The Federal Government Hindered Rather Than Helped The Development Of Trade Union And Labour Rights

Topics: Trade union, Strike action, Employment Pages: 2 (1038 words) Published: March 5, 2015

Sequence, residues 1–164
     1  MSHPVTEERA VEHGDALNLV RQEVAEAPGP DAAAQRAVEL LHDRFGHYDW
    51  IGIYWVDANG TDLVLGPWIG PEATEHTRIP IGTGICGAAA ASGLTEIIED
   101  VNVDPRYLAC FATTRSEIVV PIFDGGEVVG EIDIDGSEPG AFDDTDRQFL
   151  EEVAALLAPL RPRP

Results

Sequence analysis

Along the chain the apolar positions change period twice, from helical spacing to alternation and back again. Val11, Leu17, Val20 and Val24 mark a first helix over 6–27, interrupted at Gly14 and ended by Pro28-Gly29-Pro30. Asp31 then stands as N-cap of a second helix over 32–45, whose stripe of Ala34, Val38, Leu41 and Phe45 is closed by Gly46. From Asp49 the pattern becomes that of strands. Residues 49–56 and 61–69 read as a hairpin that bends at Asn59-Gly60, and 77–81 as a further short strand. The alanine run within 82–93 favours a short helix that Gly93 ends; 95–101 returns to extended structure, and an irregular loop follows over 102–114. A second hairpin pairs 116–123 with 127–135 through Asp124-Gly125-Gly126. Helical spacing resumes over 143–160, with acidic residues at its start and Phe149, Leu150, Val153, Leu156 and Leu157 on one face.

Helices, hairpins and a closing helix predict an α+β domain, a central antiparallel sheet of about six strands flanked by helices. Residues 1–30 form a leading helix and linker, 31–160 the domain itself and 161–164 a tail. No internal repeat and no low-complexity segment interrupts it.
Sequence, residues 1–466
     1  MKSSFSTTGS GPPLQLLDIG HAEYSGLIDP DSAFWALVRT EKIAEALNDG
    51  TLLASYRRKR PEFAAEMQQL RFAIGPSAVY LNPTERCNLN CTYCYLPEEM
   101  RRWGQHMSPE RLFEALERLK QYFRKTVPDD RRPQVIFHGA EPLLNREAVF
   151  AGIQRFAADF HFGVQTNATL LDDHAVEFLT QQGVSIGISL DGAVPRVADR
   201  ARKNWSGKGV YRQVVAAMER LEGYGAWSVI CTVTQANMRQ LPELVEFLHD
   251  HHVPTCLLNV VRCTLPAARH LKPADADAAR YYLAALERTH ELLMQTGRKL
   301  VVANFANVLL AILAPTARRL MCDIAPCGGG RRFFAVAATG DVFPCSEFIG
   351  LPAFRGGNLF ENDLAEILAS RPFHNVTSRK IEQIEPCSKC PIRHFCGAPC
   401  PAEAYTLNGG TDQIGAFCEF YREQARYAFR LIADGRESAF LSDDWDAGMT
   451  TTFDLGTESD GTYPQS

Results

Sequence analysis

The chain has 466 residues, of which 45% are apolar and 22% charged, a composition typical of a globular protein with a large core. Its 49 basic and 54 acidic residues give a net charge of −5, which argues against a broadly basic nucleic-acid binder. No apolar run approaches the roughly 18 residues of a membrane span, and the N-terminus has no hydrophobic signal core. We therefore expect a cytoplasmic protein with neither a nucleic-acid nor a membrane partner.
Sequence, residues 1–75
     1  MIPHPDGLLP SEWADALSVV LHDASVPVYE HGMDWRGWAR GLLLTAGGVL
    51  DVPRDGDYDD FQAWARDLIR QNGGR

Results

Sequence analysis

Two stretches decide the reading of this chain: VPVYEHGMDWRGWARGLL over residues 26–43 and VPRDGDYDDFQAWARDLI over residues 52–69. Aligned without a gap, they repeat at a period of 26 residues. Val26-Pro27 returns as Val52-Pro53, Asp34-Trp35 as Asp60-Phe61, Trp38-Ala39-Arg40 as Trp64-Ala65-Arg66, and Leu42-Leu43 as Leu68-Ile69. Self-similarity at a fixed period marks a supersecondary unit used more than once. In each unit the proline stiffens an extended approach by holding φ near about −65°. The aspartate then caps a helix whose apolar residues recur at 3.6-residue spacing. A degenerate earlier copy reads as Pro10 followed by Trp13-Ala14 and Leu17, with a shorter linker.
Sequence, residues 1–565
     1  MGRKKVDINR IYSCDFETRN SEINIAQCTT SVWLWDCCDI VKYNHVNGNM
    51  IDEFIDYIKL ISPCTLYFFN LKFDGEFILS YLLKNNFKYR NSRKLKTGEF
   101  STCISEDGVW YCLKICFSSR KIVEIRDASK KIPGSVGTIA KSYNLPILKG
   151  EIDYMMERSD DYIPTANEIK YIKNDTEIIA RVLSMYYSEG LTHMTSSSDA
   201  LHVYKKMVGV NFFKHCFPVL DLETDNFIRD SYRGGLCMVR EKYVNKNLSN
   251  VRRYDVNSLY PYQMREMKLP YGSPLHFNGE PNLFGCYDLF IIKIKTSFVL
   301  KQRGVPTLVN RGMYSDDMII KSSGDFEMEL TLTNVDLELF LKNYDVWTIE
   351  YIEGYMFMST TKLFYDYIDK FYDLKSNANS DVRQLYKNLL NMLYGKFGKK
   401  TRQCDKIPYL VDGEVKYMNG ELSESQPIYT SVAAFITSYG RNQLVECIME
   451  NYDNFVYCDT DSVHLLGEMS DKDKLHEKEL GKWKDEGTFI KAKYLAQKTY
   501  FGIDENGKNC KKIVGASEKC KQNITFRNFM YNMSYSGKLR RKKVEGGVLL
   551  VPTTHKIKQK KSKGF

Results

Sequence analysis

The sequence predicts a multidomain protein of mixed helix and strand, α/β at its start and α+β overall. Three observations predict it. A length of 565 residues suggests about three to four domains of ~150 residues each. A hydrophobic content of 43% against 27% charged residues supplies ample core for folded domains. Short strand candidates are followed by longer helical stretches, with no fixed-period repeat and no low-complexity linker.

‘The Federal government hindered rather than helped the development of trade union and labour rights.’ How far do you agree with this view of the period from 1865 to 1992? I am not deep, but I am very wide-Throughout the period 1865 to 1992, the government was both a help and hindrance to the trade union movement. Roosevelt’s New Deal represented a brief turning point in the Federal government’s attitude towards labour rights, prior to which its laissez-faire approach to the economy had significantly favoured employers by granting them more power to abuse the rights of labourers. The New Deal of 1933 was set out with the intention of fostering better relations between the employers and the workforce, as well as helping establish new minimum wage and working hour agreements. Ultimately, Roosevelt proved to be ineffectual in helping improve the development of labour rights too, in that successive Democratic governments overwhelming reverted back to its anti-union policies, actively siding with employers in order to break up strike action. As a result of the actions of Presidents like Reagan and the Air Controllers strike, the momentum of the movement had all but disappeared, illustrating how Federal action was one of the greatest hindrances over the entire period to labour rights. In the early half of the time periods, the government’s laissez faire approach to the economy was one of the largest obstacles to trade unions in the development of labour rights. In not regulating the business practices of businesses, the government showed their clear bias towards the employers and by extension their opposition to the increasing rights of the unskilled worker. The lack of government intervention enabled companies to amass large fortunes at the expense of the worker, who had to suffer low pay and poor working conditions in order to minimise production cost, to the benefit of a few individuals like Carnegie. Thus, as industrialisation occurred in America in the late...
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